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In debates, candidates differ little
Question of the Day
A defining exchange in the first presidential debate opened with Republican Sen. John McCain’s incredulous condemnation of the threat by Democrat Sen. Barack Obama to launch unilateral military strikes against terrorist outposts in Pakistan, a U.S. ally.
“Now, you don’t do that. You don’t say that out loud,” Mr. McCain said. “If you have to do things, you have to do things, and you work with the Pakistani government.”
Mr. Obama responded that he never talked about “attacking Pakistan” and challenged Mr. McCain to disagree with his policy on hitting terrorist safe havens in Pakistan’s rugged mountains bordering Afghanistan.
“If the United States has al Qaeda, [Osama] bin Laden, top-level lieutenants in our sights, and Pakistan is unable or unwilling to act, then we should take them out,” he said. “Now, I think that’s the right strategy. I think that’s the right policy.”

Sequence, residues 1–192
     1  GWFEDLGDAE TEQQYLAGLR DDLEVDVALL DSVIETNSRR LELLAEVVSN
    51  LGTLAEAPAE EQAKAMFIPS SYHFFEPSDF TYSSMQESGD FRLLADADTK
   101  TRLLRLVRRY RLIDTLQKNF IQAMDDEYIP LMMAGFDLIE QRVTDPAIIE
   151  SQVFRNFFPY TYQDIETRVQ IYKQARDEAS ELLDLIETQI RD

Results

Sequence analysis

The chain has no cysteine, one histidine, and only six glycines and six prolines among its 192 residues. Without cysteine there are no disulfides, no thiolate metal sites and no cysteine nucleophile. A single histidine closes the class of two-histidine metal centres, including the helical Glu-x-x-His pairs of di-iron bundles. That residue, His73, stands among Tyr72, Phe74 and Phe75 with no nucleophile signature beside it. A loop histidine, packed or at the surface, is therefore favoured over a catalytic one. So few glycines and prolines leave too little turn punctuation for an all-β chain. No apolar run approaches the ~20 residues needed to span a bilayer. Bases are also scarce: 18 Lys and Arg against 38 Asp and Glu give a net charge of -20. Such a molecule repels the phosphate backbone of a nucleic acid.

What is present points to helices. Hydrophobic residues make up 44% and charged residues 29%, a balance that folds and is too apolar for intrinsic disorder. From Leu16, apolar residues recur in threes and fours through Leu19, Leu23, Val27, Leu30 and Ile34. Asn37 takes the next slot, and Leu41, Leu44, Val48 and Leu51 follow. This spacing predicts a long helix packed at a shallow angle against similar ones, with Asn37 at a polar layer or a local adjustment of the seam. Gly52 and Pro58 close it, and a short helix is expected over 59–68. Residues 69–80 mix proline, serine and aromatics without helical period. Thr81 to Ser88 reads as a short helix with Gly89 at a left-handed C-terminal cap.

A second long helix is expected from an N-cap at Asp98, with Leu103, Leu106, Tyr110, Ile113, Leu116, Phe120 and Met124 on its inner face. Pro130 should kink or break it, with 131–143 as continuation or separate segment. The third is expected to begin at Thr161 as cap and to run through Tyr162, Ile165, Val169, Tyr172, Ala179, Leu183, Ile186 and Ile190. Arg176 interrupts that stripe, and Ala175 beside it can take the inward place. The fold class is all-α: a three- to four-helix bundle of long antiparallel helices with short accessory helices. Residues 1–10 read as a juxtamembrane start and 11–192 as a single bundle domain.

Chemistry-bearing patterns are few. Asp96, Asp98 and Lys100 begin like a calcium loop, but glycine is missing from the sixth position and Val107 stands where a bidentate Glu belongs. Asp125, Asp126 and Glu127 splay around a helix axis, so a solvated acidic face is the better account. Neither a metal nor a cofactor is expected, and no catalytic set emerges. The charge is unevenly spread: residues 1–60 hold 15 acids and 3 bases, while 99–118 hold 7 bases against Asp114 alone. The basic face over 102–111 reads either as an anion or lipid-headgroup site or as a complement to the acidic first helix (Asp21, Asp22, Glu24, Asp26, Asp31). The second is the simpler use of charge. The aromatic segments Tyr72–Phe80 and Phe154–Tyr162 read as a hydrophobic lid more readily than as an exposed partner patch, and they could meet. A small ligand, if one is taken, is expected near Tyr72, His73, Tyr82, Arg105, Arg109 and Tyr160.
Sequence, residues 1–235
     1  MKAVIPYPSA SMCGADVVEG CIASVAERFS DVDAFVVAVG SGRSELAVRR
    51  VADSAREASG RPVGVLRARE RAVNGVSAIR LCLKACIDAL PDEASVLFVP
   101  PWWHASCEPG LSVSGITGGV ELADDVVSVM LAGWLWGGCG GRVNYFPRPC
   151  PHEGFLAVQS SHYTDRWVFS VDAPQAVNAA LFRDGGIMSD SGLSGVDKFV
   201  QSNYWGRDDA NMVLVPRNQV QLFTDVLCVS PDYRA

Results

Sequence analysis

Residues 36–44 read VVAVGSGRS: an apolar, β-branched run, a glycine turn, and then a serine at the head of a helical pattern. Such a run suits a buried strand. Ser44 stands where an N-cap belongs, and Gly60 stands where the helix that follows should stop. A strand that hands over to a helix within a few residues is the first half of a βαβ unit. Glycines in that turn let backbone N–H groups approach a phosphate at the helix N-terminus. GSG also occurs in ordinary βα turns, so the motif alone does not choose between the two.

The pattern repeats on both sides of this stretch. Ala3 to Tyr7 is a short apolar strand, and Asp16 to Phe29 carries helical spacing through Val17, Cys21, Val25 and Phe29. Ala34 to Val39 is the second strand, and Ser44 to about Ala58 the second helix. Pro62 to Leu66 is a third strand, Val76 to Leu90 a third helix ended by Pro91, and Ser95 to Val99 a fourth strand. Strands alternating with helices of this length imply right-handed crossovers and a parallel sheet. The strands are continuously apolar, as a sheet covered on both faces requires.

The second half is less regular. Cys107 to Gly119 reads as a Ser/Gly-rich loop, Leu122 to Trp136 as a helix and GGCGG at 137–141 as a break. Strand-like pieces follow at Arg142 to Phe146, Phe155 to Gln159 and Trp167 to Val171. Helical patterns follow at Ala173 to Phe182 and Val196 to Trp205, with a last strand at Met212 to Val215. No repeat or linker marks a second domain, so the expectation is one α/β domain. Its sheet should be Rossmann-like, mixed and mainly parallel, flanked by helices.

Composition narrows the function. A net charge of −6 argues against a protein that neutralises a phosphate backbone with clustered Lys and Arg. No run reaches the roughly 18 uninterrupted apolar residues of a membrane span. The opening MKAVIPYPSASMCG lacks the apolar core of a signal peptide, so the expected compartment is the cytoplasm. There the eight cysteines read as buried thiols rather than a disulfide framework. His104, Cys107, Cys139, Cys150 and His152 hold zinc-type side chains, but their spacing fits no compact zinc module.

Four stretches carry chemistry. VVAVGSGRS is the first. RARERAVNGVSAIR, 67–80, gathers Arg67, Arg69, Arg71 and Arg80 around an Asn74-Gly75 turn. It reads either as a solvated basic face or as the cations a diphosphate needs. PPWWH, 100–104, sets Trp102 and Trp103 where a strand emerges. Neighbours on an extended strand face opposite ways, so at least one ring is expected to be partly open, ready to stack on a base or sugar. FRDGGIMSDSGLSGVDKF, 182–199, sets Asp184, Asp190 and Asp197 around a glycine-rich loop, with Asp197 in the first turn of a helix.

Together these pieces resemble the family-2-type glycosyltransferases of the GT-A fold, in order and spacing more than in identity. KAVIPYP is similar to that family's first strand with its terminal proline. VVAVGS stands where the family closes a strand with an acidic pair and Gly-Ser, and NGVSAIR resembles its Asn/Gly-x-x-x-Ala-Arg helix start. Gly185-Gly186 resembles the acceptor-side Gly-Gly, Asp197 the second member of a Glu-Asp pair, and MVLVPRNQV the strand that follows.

Mr. McCain, of Arizona, did not disagree with the policy but with saying it “out loud,” a breach of decorum he considers a dangerous rookie mistake on the international stage. However, he defended a similar off-the-cuff remark on the campaign trail by Republican vice-presidential nominee Gov. Sarah Palin that the United States should “absolutely” launch cross-border attacks into Pakistan.
A similar division separates them on talks with leaders of rogue nations, which Mr. Obama supports as a way of breaking long-standing diplomatic impasses and Mr. McCain insists send the wrong message by validating tyrannical regimes. However, both candidates say lower-level negotiations can pave the way for presidential talks.